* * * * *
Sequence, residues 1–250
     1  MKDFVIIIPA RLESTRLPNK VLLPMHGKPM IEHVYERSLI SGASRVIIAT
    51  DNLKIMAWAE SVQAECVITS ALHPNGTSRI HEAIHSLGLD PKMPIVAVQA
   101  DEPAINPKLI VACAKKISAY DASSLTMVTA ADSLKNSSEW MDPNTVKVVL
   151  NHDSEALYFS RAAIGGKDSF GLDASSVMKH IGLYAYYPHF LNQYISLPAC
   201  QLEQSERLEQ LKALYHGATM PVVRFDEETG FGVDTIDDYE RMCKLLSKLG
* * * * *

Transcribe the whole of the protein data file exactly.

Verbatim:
Sequence, residues 1–250
     1  MKDFVIIIPA RLESTRLPNK VLLPMHGKPM IEHVYERSLI SGASRVIIAT
    51  DNLKIMAWAE SVQAECVITS ALHPNGTSRI HEAIHSLGLD PKMPIVAVQA
   101  DEPAINPKLI VACAKKISAY DASSLTMVTA ADSLKNSSEW MDPNTVKVVL
   151  NHDSEALYFS RAAIGGKDSF GLDASSVMKH IGLYAYYPHF LNQYISLPAC
   201  QLEQSERLEQ LKALYHGATM PVVRFDEETG FGVDTIDDYE RMCKLLSKLG